I listened to this book as a download from my library. Annie Londonderry (not her real name) was a wife and mother living in Boston in the 1890's. She answered a challenge that a woman would not be able to ride a bicycle around the world in a set period of time. Or at least she said there was a challenge. Peter Zheutlin thought that she made it up and just decided to try the trip for adventure and financial gain. Starting from Boston in skirt and jacket she soon discovered that she could not ride like that. She adopted bloomers which outraged many people. Her trip from Boston to New York City and then Chicago took so long that she realized she would not be able to cross the rest of continental USA before winter. So she decided to go back to New York and take a boat to France. She was feted in France and was accompanied on most legs of her journey from Le Havre to Paris to Marseille. In Marseille she took another boat and made her way through the Suez Canal, the Indian Ocean and around to Japan. There she caught another ship across the Pacific Ocean ending up in San Francisco. Since she didn't have any money herself she financed the trip by giving speeches and carrying advertising.Annie did make her way back to Chicago within 15 months of her departure from Boston but it's pretty clear she didn't ride her bicycle anywhere close to around the world.At the end of her bicycle tour I was rather disappointed in this tale. However it picked up from there as Peter Zheutlin described Annie's remaining life and how he became interested in her. Annie was definitely an extraordinary woman for her times and her tour, even with its shortcomings, did much to advance women's equality.
  • (5/5)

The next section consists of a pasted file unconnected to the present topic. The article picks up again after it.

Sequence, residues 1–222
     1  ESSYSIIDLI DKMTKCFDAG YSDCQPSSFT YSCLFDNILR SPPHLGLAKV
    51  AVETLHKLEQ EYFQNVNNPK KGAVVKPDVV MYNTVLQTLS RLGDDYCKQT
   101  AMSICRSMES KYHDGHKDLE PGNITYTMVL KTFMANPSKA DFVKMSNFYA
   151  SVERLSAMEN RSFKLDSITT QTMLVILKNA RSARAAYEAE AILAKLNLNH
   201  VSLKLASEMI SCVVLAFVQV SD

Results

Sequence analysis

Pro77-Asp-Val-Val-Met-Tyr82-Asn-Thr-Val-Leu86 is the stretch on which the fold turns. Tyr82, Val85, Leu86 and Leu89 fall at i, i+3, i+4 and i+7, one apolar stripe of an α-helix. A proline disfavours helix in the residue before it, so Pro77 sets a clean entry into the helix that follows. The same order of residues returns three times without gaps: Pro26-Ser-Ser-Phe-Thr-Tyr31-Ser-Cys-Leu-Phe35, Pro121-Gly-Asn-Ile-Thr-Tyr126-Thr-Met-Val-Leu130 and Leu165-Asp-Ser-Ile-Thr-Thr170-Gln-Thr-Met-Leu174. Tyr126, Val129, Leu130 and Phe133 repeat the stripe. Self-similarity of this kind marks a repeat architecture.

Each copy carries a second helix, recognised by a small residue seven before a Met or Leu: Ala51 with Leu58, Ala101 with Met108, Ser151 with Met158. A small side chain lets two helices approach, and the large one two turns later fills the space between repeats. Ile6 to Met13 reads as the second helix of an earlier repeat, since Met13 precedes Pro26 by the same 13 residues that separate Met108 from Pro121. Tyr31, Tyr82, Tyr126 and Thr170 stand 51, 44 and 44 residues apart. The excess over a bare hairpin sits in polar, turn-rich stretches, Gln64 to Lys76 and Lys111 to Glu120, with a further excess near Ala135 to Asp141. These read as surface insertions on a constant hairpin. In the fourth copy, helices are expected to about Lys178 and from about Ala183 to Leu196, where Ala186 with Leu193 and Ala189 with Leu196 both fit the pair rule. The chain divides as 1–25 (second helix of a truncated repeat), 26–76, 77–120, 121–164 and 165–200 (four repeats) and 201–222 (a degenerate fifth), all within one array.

In 1894 Annie Kapchowsky, a Jewish-American mother of three little children who had never ridden a bicycle in her life, announced that she would ride one around the world. It looks like she really only rode the bicycle over, perhaps, half of the USA and half of France, taking trains or steamers the rest of the way, but this fact doesn’t make her story or this book any less interesting. First of all there's a fascinating background the era, as Zheutlin attempts to answer the question: What might have given his great-grandaunt such an extraordinary idea, even by contemporary standards? Apparently this was the time of a bicycle boom both in America and in Europe, as this new means of transportation had been invented and made available to the general population which had theretofore not known any way of getting around that didn't involve animals or walking on their own two feet. It’s hard to imagine how revolutionary, librating and futuristic riding a bicycle appeared to people back then. Every American and French town Kapchowsky passed through had at least one and often several wheelman's associations, cyclists' clubs, and the like, which would organize a grand reception for her and several of whose members would accompany her to the next town. (She did ride some stretches of her route alone, but this was the exception rather than the rule.) Zheutlin also discusses how women found bicycling particularly liberating and how it was widely endorsed by various women's rights organizations. Not only did it allow women to go wherever they wished, even long-distance, without having to ask for physical assistance, horses, carts or carriages, or money, but it also advanced the cause of dress reform. Annie Kapchowsky's case illustrates the matter quite well: she started her journey in traditional Victorian dress, switched to bloomers and then to a fully male attire in a matter of two months, having found any other alternative impractical. And there were enough female bicyclists at the time for many cities to have special ladies' cyclist clubs just for them.This explains how a woman who had never ridden a bicycle or shown any interest in women's movement could conceive of such an idea as going around the world on a bicycle – bicycling, its liberating power, especially for women, and round-the-world trips of every type were very popular notions at the time, and, in a sense, Kapchowsky was a prime candidate for such a scheme, despite her lack of cycling experience. Her family immigrated to the USA from Latvia when she was a child. When she was 17 or 18, both her parents died. She got married a year later and had three children in four years. This was a typical woman's life at the time, but apparently Annie Kapchowsky was not a typical sort of person to accept her society's views on life. For instance, although her husband was a peddler of secondhand clothes, she herself worked for a newspaper, selling its advertising space to companies – quite a step-up in comparison, especially impressive if one considers the demands of her family. Thus it is, perhaps, not very surprising that she found frequent pregnancies, child care and the domestic chores too much of a burden and decided to escape from it all, at least temporarily, by taking a round-the-world trip.Some journalists made a big deal out of the fact that she didn't ride for most of it, especially since she told them lots of made up stories of her adventures in places she had barely passed through on a ship, but others were perfectly willing to close their eyes to her tendency to fictionalize her story for the sake of better entertainment and higher commercial value of her enterprise. True, fact-checking was more complicated at the previous turn of the century, but considering the time it took Kapchowsky to cross Asia, the truth lay on the surface. However, as Zheutlin explains, newspapers back then generally weren’t in the business of providing the population with facts – they were striving to entertain it, with whatever material would sell as many copies as possible. So, in a sense, Annie Kapchowsky and the vast majority of the journalists she met were in the same business. She could attract more people to come to her lectures or to buy her autographed pictures at the hotel and more businesses to pay her to carry their banners on her bike (her primary means of supporting herself on her trip), if she claimed to be riding around the world on a bicycle and told exciting stories of her adventures while doing so. This also allowed journalists to sell more copies of their periodicals. So I think it’s hardly surprising that the few journalists who dared expose the truth behind the sham often found themselves mercilessly attacked by their own brethren, so that the enterprising globetrotter hardly needed to lift a finger in her own defense. And what about the people who flocked to her lectures, bought her pictures or devoured her stories in the newspapers? Well, again, it had to be obvious that she couldn’t have done much riding around the globe in the amount of time it took her to circumnavigate it, especially to all the habitual long-distance bikers she met at the cyclists' clubs in all the American and French towns she passed through, and although it's entirely possible that a fair number of provincial folks were duped, somehow I suspect that most of her audiences also came for the entertainment, not enlightenment. And entertainment she gave aplenty. By all accounts, Annie Kapchowsky had a great sense of what would appeal to an audience, and she knew how to tell a story, and it appears that in these pre-cinema days her lectures were worth every cent. I, on the other hand, found myself more captivated by the story of a woman who'd have the audacity to depart on her own on such a trip without any backer or even a constant companion of any sort, meaning that she had nobody, but herself to rely upon, in any sense. It's also impressive that although she'd never ridden a bike before her trip, by its end she was so proficient she could outrace any man who took up her challenge. I also found the author’s description of the culture of the time, particularly relating to bicyclists and women's liberation, very interesting. However, I wouldn't recommend this book as a round-the-world travel book: the only descriptions there are are those of the USA and France, since these were the only countries Kapchowsky actually traveled through; the rest she merely passed by on steamers with a few brief stops, and unlike Nellie Bly, who wrote and told real accounts of the places she had visited, and so had to do quite a bit of sightseeing, Annie Kapchowsky relied on her imagination to tell her stories, and so she either just perused the local newspapers on board her ships for inspiration, or if she did look around and explore, she didn't find the reality interesting enough to talk about it later. What is interesting is that she managed to persuade her husband to look after their children, the eldest of whom was five, by himself for a year while she was on her trip – something a man in any time would have almost taken for granted, but most women would have found very difficult to arrange, even today. Zheutlin writes that she posed as single on her trip, because otherwise the question of children would have inevitably come up, and that at that age she would have been subjected to censure for leaving them for a year, and by some, also for leaving her husband, but actually I'm not sure the same wouldn't have happened today as well. She also rode under the surname Londonderry, which was the name of one of the companies with whom she'd made an advertising deal, which, besides bringing her some money, allowed her to conceal the fact that she was Jewish, and sadly, there are places today where she'd have had to make similar "accommodations." And, of course, a real bicycle trip around the world by a sole woman in her early twenties would have been as impossible today as it was back then. So in many ways her story felt surprisingly topical. On the other hand, I personally was rather disappointed to learn in the epilogue that after her return, Annie Kapchowsky and her husband had sent all their (soon four) children to boarding schools as early as possible, which affected them (the children) for the rest of their lives. Overall, however, I very much enjoyed this book.